This site is protected by reCAPTCHA and the Google Privacy Policy and Terms of Service apply.

KPMG Spark is an online accounting service that saves you time so you can focus on what’s most important for your business.

How I Am Kid Culture Teaches Youth About Intrinsic Value

Wrongfully imprisoned for 25 years, founder Patrick Pursely uses KPMG Spark to help keep his organization operating as a registered nonprofit.

KPMG SparkJuly 27, 2021Posted In: Client Stories

5 Steps to Successful Remote Hiring

Remote work isn't new, but it seems to have now shifted from a rare perk to the norm for many businesses. This change has many benefits for small businesses. Remote work now allows business owners to find the best talent regardless of their location. However, hiring remotely is different from in-person hiring, and small business owners need to know how to approach the process.

KPMG SparkJuly 20, 2021Posted In: Business Tips

Client Story: It’s the Little Things That Count

How innovation and KPMG Spark have helped this family-owned pen company provide opportunities for adults with disabilities.

KPMG SparkJuly 14, 2021Posted In: Client Stories
Image of person doing bookkeeping at a desk

Why Is Bookkeeping Important In 2021?

Starting a business can be a busy time for any entrepreneur and to some, worrying about bookkeeping can seem like an unnecessary task. But, as intimidating as it may be to have a bookkeeper, there are many benefits to online bookkeeping and a strong accounting platform; and several problems can arise when a business does not keep their bookkeeping up to date.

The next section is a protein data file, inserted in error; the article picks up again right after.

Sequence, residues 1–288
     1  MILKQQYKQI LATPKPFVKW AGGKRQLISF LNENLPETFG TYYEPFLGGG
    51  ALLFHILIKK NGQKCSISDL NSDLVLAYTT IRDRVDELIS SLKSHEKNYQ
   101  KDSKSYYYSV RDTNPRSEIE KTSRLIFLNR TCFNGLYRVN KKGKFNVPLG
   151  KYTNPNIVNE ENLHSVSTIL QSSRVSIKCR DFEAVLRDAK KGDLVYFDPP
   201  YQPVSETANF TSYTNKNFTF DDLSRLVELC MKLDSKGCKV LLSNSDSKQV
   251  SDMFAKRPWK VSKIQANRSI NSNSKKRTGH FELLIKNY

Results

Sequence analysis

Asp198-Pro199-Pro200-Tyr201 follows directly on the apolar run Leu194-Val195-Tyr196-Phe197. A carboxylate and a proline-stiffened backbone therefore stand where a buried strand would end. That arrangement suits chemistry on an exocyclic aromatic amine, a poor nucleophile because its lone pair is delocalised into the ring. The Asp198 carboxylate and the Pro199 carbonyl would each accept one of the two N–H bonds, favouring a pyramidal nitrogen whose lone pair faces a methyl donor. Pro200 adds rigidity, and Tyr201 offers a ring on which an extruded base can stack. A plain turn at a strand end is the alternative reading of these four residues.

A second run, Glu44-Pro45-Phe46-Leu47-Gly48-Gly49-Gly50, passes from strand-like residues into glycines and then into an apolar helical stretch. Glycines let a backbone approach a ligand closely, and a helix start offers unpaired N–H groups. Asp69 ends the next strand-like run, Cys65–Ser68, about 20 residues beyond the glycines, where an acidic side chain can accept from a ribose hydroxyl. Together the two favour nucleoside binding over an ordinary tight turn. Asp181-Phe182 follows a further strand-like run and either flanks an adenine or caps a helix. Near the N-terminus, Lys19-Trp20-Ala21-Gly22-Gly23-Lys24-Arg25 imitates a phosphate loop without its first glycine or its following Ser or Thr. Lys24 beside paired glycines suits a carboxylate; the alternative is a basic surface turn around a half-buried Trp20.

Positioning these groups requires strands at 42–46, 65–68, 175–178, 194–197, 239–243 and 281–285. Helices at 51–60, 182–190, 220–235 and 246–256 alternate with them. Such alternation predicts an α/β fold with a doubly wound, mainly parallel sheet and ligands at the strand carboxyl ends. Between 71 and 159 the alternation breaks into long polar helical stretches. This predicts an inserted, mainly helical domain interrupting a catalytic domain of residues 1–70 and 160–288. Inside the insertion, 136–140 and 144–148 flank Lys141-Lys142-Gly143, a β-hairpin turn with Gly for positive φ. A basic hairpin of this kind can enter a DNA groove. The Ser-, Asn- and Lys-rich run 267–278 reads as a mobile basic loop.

KPMG SparkJune 29, 2021Posted In: Accounting Info

How to Support Women Entrepreneurs in 2021

KPMG is committed to empowering women in the workplace, marketplace, and community. Join us to learn more about how to support women entrepreneurs in 2021.

KPMG SparkJune 22, 2021Posted In: Business Tips

How to Pivot Your Product Line

It’s easy for business owners to become attached to the dream they had when they first started the company. But what happens when a product flops? Don’t worry. A failed product launch doesn’t have to mean your company is doomed to fail. Join us to learn better how to pivot your company's product line.

KPMG SparkJune 15, 2021Posted In: Business Tips

How to Know If Your Small Business Qualifies for the R&D Credit

The Research and Development (R&D) tax credit is a tax incentive for companies that perform qualified research in the U.S. Let's take a closer look at this tax credit and see how it can help your business.

KPMG SparkJune 8, 2021Posted In: Tax Tips

COVID and Taxes: Tax Breaks That You Should Know

Despite the ongoing COVID-19 pandemic, tax time is finally here, and it’s important for everyone to learn more about all of the new tax opportunities that small businesses may qualify for.

Trevor ReillyJune 2, 2021Posted In: Tax Tips

Paycheck Protection Program (PPP)

Small business stimulus funds are back with $284 billion in forgivable loans. Eligible businesses can receive 2.5x their 2019 payroll up to $2 million in forgivable PPP funds. Join us to see how you can get access to these funds.

Trevor ReillyMay 18, 2021Posted In: Business Tips